Laura L. Mays Hoopes
Professor of Biology and Molecular Biology,
Pomona College, Claremont, CA 91711
Laura Hoopes received the AB from Goucher College in biological sciences. She received an NSF Graduate Fellowship for her PhD from Yale University and an NIH Postdoctoral Fellowship for work at Scripps Clinic and Research Foundation and at University of Colorado Medical School. In 1973, she joined the faculty at Occidental College and rose through the ranks there until 1993, when she moved to Pomona College as VP for academic affairs and dean of the college; she served in that capacity until 1998 when she returned to the faculty.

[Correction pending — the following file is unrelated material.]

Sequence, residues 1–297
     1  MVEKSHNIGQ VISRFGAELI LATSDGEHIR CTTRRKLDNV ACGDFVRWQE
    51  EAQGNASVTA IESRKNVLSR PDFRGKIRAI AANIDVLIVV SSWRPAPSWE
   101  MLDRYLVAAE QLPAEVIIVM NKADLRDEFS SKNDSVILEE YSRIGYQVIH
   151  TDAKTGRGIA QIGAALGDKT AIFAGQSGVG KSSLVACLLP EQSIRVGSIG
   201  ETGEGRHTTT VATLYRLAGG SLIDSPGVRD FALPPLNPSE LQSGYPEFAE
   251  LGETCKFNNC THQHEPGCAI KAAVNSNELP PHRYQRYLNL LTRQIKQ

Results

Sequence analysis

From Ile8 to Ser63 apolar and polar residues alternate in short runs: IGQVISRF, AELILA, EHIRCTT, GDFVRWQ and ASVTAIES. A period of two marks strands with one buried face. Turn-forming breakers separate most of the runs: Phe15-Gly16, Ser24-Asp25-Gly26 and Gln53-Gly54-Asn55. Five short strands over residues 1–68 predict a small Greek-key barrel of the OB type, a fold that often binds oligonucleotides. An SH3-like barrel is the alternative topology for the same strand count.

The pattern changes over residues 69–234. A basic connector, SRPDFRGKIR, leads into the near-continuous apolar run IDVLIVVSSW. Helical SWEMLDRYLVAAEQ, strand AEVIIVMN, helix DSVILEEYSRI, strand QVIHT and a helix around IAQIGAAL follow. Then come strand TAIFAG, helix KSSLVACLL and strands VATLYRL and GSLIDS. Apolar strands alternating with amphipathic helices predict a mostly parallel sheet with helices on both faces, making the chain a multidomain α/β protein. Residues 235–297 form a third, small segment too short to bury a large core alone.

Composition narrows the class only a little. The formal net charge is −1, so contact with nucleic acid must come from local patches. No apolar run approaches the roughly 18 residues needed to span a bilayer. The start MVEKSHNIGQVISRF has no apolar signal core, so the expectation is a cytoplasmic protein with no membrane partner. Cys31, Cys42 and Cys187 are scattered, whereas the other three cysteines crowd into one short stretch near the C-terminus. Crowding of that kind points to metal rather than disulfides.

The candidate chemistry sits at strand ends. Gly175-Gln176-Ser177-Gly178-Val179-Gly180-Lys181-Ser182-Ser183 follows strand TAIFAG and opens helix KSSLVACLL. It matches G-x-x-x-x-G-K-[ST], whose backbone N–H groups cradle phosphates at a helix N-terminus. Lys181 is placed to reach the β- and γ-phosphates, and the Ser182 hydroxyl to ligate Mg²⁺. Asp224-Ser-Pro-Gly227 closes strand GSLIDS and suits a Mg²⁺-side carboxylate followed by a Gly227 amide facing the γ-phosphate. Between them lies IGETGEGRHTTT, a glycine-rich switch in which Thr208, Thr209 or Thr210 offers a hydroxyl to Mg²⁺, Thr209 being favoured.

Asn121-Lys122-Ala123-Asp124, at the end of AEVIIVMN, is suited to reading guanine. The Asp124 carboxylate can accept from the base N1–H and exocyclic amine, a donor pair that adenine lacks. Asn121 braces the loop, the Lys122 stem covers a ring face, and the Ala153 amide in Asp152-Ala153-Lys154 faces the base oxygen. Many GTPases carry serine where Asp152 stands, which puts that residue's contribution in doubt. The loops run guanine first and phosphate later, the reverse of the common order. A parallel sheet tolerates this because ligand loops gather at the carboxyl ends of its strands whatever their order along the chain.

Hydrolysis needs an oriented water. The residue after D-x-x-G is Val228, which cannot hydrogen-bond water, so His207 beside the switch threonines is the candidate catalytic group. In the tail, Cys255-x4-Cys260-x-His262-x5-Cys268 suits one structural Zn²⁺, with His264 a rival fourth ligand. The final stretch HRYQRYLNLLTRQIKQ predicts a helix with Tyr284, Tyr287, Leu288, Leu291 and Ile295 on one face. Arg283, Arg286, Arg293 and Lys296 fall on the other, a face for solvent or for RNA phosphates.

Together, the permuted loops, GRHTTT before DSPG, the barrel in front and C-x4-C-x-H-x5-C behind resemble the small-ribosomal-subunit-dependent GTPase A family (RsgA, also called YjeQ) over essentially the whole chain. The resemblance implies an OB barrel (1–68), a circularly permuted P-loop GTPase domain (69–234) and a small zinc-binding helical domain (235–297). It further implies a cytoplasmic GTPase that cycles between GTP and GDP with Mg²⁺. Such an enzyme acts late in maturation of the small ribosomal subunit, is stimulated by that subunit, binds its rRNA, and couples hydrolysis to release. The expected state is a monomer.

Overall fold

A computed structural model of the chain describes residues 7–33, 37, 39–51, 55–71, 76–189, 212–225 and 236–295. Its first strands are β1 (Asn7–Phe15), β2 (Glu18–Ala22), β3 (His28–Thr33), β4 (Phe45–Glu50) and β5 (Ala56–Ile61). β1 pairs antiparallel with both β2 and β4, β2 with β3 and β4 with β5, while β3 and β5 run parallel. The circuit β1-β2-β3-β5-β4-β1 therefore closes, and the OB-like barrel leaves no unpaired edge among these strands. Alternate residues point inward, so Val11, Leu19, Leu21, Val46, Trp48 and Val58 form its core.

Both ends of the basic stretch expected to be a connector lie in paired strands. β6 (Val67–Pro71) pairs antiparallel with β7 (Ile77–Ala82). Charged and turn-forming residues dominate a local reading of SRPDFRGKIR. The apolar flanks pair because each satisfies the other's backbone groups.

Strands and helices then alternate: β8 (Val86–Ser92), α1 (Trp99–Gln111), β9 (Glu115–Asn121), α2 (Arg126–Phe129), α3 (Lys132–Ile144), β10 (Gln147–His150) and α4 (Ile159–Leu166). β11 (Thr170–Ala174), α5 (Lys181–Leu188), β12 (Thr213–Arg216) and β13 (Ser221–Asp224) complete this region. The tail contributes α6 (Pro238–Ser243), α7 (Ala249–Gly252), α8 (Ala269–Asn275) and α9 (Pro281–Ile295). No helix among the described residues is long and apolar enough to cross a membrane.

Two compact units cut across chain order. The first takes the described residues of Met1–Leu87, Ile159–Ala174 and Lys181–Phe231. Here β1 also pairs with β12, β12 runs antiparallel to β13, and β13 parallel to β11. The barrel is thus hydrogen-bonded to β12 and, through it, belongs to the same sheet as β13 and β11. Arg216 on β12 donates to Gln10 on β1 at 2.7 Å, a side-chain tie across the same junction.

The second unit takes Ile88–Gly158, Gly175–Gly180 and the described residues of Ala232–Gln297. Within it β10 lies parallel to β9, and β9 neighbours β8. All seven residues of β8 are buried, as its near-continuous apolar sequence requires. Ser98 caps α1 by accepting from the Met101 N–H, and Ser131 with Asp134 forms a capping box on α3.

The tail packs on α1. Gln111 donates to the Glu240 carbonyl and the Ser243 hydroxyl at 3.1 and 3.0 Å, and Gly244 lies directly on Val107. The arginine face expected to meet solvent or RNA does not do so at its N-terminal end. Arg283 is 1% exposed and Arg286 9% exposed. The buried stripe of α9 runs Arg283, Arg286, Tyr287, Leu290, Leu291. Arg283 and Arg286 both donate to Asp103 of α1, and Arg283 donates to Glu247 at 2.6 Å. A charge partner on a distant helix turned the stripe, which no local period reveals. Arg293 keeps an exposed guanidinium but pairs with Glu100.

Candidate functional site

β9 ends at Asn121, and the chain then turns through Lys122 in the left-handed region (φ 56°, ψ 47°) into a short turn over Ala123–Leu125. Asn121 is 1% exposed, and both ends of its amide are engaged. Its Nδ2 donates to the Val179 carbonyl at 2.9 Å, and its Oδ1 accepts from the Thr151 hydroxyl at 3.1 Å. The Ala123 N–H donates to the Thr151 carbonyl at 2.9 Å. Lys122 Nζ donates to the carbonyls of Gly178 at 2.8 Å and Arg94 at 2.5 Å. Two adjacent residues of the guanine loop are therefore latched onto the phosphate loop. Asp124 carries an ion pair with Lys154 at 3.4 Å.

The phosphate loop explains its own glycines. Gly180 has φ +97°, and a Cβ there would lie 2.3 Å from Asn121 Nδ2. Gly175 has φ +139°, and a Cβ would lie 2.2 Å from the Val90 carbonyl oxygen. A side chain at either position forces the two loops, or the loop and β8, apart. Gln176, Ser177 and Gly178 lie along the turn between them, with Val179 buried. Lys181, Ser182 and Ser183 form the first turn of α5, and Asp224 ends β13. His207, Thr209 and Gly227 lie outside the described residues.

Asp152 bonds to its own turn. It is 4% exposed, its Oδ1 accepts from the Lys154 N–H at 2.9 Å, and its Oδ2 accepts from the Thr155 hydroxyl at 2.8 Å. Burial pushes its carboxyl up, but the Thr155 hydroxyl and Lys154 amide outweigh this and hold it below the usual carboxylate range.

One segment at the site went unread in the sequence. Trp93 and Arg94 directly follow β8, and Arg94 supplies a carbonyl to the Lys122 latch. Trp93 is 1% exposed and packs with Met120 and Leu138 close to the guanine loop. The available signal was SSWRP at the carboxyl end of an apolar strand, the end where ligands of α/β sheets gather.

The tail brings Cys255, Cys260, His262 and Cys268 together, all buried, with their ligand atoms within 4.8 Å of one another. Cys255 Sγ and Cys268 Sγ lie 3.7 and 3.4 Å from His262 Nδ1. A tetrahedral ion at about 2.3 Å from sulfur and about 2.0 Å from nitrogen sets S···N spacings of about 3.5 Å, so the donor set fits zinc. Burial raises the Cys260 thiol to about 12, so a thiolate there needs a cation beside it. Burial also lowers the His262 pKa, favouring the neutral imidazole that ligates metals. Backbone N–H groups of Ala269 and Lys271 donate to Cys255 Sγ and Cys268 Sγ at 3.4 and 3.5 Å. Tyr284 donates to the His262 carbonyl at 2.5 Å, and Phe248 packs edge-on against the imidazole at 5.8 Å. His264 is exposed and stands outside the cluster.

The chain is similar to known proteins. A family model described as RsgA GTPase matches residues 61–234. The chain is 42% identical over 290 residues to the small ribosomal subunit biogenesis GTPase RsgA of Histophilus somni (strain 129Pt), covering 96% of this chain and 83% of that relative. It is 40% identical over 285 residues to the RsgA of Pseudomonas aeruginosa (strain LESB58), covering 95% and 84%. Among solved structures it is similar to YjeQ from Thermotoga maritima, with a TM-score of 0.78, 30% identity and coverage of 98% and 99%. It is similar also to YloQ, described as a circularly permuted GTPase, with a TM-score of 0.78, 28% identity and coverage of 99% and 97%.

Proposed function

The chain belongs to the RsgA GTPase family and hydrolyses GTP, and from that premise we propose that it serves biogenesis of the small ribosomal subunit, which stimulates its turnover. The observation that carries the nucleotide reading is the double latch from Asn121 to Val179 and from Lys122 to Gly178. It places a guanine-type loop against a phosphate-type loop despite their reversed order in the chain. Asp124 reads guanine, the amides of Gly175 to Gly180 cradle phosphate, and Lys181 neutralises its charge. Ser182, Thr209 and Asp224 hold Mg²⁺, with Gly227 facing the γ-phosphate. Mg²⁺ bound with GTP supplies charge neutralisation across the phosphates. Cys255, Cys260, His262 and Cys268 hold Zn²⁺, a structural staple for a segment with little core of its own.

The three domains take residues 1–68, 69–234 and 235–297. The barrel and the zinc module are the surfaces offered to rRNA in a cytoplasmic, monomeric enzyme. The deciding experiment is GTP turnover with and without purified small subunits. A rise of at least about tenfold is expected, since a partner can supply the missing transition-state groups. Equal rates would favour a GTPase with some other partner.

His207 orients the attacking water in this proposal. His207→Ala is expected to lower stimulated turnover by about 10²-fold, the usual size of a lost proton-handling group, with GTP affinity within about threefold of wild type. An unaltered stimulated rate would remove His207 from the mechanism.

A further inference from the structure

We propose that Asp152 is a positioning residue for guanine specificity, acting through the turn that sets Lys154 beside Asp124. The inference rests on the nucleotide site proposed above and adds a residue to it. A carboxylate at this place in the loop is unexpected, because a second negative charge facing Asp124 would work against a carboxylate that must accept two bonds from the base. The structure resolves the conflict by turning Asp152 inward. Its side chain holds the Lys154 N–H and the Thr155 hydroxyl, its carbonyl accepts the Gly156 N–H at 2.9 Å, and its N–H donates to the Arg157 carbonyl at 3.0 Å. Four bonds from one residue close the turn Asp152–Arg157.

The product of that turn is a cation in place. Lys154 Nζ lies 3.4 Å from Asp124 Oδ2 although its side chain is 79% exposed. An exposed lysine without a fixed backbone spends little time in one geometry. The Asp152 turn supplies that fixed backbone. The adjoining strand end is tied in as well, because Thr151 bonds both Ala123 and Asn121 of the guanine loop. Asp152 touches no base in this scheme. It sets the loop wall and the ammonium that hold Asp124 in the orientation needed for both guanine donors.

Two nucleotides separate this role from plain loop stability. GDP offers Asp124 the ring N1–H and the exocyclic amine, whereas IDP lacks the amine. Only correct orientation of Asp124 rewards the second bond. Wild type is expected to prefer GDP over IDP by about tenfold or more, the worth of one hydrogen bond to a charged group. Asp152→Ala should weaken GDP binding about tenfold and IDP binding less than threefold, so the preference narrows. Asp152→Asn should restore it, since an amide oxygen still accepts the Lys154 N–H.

Laura wrote a text book published by Macmillan in 1984, called Genetics: A Molecular Approach, advised Salem Press on the development of a life sciences encyclopedia, and has published over 40 articles in refereed scientific journals, along with several review articles and policy papers. Laura was President of the American Aging Association in the 70's. Laura also served as the national President of the Council on Undergraduate Research in 1991-2, during the time when it opened itself for membership. She also served various functions for the Gerontological Society Biological Sciences Section, and the American Society for Microbiology, Division X. In 1993, she was appointed to the Biology Advisory Committee of the National Science Foundation, where she served for 5 years. During that time, she co-chaired the Task Force on Education with Marvalee Wake from UC Berkeley. She was elected a Fellow of the American Association for the Advancement of Science in 1995. She also received an honorary degree from Goucher College in 1995. In 2005, she went to visit multi purpose nature reserves in China via a grant from the Avery Foundation/ICF through Pomona College. She and her husband Mike spent three weeks in China and learned so much it will take years to assimilate it all. Laura Hoopes has had research grants from the National Institutes of Health, the National Science Foundation, Research Corporation, and the American Foundation for Aging Research, and has ongoing collaborations with undergraduate student researchers today funded by NSF and NIH, studying the molecular basis of aging and how the aging clock can be reset. She is currently working with the Genome Consortium for Active Teaching started by Malcolm Campbell and Mary Lee Ledbetter. She has taken a leadership role in developing summer workshop to help professors at primarily undergraduate institutions learn to successfully use microarrays with their students in classes and research experiments.